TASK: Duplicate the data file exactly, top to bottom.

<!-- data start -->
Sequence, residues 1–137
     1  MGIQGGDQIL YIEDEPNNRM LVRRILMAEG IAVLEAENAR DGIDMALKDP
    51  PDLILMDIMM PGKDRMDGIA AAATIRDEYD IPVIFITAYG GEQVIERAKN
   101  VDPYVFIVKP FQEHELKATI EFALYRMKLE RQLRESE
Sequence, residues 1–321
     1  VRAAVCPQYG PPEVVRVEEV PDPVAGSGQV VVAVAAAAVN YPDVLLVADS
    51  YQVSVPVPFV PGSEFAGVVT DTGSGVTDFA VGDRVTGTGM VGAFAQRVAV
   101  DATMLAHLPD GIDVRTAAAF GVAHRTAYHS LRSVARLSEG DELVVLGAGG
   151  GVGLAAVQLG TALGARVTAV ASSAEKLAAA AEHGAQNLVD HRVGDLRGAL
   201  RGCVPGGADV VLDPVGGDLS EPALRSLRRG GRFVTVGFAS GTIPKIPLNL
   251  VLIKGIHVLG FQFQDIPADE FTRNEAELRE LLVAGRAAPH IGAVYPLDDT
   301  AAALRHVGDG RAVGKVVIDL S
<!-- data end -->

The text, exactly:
Sequence, residues 1–137
     1  MGIQGGDQIL YIEDEPNNRM LVRRILMAEG IAVLEAENAR DGIDMALKDP
    51  PDLILMDIMM PGKDRMDGIA AAATIRDEYD IPVIFITAYG GEQVIERAKN
   101  VDPYVFIVKP FQEHELKATI EFALYRMKLE RQLRESE
Sequence, residues 1–321
     1  VRAAVCPQYG PPEVVRVEEV PDPVAGSGQV VVAVAAAAVN YPDVLLVADS
    51  YQVSVPVPFV PGSEFAGVVT DTGSGVTDFA VGDRVTGTGM VGAFAQRVAV
   101  DATMLAHLPD GIDVRTAAAF GVAHRTAYHS LRSVARLSEG DELVVLGAGG
   151  GVGLAAVQLG TALGARVTAV ASSAEKLAAA AEHGAQNLVD HRVGDLRGAL
   201  RGCVPGGADV VLDPVGGDLS EPALRSLRRG GRFVTVGFAS GTIPKIPLNL
   251  VLIKGIHVLG FQFQDIPADE FTRNEAELRE LLVAGRAAPH IGAVYPLDDT
   301  AAALRHVGDG RAVGKVVIDL S